How much do you really know about the chicken on your dinner plate? Journalist Christopher Leonard, author of The Meat Racket: The Secret Takeover of America's Food Business, spent more than a decade covering the county's biggest meat companies. [Read an excerpt.]
Large companies such as Tyson Foods have "chickenized" the meat business. By controlling all stages of meat production from the hatchery to the slaughterhouse, Leonard says the companies have taken power away from farmers, cut production and reported record profits. Today, just two companies make about 40 percent of the chicken in the U.S.
Jennifer 8. Lee: You make a bold claim in your book where you compare farmers in America to serfs. What gave you the confidence to make that comparison?
Christopher Leonard: It was years of reporting on the ground in the small towns where Tyson Foods operates, where most of the big meat companies in my book operate. A serf was a peasant and the lowest-ranking person in the feudal system of agriculture many hundreds of years ago. A serf didn't really own their own land, and importantly they were tied to a lord who told them what to do.
To be honest, I found a very similar situation when I went to small towns like Waldron, Ark., where Tyson Foods has an enormous chicken production facility and where it contracts out with farmers to raise chickens.
Contract farming is a very interesting structure. You'll have a farmer who will borrow maybe $500,000, maybe as much as $2 million, to build a large industrial footprint of these kinds of factory farms where they can raise 25,000 chickens in a single barn. But for all the size, scale and sophistication of these farms, the farmer never owns the actual chickens that are put into these barns. The farmer contracts with a company like Tyson, and Tyson will come and deliver birds and deliver feed. The farmer is paid to raise animals.
The farmers have almost no control over the most important things in the operation. The farmer has no control over what quality of chicks are delivered to the farm, whether they are healthy or not. The farmer doesn't control what kind of feed is delivered to the farm. So essentially they end up taking orders from a big company like Tyson Foods in the same way a serf might be tied to a lord many, many years ago.
CL: Back in the 1960, Tyson Foods was a pioneer in developing this system of contract farming. Tyson really experimented. They had some operations where they would own the farm itself; they had others where they would hire employees to come and raise the chickens. But what they discovered was that a factory farm was an awful investment.
A lot of that can be traced back to the giant barns -- these chicken houses, as they are called -- which are just a rotten investment. The things start to lose value pretty much the day they are finished being built. They are kind of like trailer homes. They corrode in the elements. They serve no other purpose than to raise chickens.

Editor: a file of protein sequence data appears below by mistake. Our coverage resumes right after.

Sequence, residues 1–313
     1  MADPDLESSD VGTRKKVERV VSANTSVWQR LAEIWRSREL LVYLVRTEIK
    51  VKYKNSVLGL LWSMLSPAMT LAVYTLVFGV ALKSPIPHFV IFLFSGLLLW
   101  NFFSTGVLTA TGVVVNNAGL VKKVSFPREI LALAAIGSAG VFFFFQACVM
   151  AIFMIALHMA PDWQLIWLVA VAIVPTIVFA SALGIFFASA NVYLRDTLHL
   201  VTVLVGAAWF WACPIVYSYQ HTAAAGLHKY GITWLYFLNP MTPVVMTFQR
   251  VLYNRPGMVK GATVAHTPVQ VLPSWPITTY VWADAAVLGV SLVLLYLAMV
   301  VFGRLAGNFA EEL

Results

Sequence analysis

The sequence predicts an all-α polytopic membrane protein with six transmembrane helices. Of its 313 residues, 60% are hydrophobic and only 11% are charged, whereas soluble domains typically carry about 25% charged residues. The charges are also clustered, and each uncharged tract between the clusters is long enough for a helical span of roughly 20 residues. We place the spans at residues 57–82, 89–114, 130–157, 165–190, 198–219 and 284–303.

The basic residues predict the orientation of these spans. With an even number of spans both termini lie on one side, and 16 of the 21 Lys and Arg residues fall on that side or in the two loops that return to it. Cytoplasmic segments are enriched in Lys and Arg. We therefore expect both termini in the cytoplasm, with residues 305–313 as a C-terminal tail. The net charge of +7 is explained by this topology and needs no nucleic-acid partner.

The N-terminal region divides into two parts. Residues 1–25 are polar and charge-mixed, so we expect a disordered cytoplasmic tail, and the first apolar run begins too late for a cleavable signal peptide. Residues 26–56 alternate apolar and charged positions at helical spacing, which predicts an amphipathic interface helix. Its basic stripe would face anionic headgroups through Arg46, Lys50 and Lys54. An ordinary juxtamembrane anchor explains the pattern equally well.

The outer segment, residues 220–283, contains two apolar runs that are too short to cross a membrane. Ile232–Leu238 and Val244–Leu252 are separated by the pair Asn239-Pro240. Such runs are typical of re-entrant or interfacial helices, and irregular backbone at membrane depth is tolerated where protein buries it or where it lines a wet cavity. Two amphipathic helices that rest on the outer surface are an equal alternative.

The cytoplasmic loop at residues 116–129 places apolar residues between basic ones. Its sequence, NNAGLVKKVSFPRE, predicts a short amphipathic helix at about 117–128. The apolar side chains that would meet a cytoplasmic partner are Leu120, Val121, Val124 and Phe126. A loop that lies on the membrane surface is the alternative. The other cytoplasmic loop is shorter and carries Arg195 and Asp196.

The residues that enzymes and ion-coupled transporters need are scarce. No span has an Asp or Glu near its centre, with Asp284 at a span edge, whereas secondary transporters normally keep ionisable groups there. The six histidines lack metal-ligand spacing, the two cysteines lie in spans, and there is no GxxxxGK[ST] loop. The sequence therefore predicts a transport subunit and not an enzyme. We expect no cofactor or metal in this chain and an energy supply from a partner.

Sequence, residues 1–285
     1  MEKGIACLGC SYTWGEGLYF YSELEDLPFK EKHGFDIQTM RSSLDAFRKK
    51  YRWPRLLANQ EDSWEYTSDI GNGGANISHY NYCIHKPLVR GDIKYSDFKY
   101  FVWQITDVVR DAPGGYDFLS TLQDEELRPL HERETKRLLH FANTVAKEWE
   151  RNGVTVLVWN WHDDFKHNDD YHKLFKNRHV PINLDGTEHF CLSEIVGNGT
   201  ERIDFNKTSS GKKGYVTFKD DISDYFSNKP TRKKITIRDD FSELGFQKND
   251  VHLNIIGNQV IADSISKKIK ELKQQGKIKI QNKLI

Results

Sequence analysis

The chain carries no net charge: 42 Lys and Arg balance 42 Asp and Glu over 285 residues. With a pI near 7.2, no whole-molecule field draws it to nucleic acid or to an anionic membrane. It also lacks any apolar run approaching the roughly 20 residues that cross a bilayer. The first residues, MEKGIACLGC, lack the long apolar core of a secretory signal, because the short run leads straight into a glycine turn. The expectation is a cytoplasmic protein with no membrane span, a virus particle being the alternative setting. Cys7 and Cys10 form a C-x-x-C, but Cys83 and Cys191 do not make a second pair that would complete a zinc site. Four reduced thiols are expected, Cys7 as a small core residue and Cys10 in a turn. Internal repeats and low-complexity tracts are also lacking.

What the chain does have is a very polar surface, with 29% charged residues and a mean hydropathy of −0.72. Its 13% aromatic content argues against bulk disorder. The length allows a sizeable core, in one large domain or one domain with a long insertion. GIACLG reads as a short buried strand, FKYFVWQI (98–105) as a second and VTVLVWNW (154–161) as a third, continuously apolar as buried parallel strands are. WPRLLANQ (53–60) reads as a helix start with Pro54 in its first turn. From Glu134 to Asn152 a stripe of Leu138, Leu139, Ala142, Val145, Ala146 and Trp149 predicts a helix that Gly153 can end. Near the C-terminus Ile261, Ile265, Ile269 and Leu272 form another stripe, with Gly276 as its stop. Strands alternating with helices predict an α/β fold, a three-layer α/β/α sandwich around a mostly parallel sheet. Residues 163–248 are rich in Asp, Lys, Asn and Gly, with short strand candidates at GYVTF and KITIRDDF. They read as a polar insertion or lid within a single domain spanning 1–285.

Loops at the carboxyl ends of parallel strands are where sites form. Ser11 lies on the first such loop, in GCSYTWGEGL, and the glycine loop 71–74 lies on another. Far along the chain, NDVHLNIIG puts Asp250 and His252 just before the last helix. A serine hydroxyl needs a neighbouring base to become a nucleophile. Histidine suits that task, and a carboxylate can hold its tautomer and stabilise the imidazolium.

For a company like Tyson, that's a pretty rotten investment. The company would much rather steer its cash into its large slaughterhouses, where it can invest in new machinery that can process chickens much more quickly. Furthermore, there's really only so much you can do in terms of getting a chicken to grow fast. That's not a cost curve you can really bend too sharply.
Tyson and other companies made the decision back in the 1960s that they would go with this arrangement of contract farming. They would entice a local farmer to borrow the money to build those chicken houses and also buy the tremendous amount of land that you would need to go around these chicken houses to absorb some of the chicken litter. Tyson would effectively control the farm without owning it. That rotten investment would be on the balance sheet of the local farmer.
J8L: You have this verb: chickenizing. What does chickenization mean?
CL: When you spend a lot of time going around small towns in rural America where raising meat is still the economic bread and butter, the phrase chickenization is actually a pretty loaded political term.
At its most basic element, when you call a meat business chickenized, what you are saying is that it is vertically integrated or very tightly integrated. By that I mean a company like Tyson Foods will own all of the components of raising meat that used to be a small business in small-town America. Tyson Foods will own the hatchery, it will own the feed mill, it will own the slaughterhouse, it will own the company that breeds birds, it will own the trucking line that ships the birds back and forth and ships the meat out to a warehouse.
That integration is at the heart of chickenization, but the word means a lot more than that. When a business becomes chickenized, it essentially means farmers become powerless. Transparent markets are replaced by contract arrangements and companies get a tremendous amount of control over the business.
I think maybe the best example when people talk about a business being chickenized would be the pork industry. Thirty or 40 years ago, the pork industry was still defined by a lot of independent operators, a lot of midsize small operators. You had a really vigorous, transparent market where hogs were traded. It made a lot of money for a lot of people. I interviewed attorneys in Iowa who were put through law school on hog money.
But the business was chickenized over a period of 20 years. Big companies came in and effectively took it over. They replaced the markets with contracts and farmers lost autonomy, so they were effectively chickenized. That's what the word means.
J8L: If you go back in American history, we were not a big chicken-eating country a century ago. But that's changed in the last couple of centuries. What happened and what role did Tyson play in that?
CL: It really goes back to the late 1920s when Tyson Foods was founded by this young, brilliant man named John Tyson. He had been kicked off his family farm during the Great Depression because there just wasn't money there to make a living.
At that time, chicken was a delicacy. It was like lobster -- it was a pricey meat that a family might purchase for the big Sunday meal. You would buy a whole chicken, but the meat was pretty expensive.
John Tyson started making a lot of money shipping chickens from Arkansas to urban markets in St. Louis or Kansas City, for example. But the business grew from there as farmers in the South started getting a lot smarter about how to raise chickens. People like John Tyson created the system I'm talking about, which is a vertically integrated one where they control the feed and other inputs. They just became experts at raising chickens.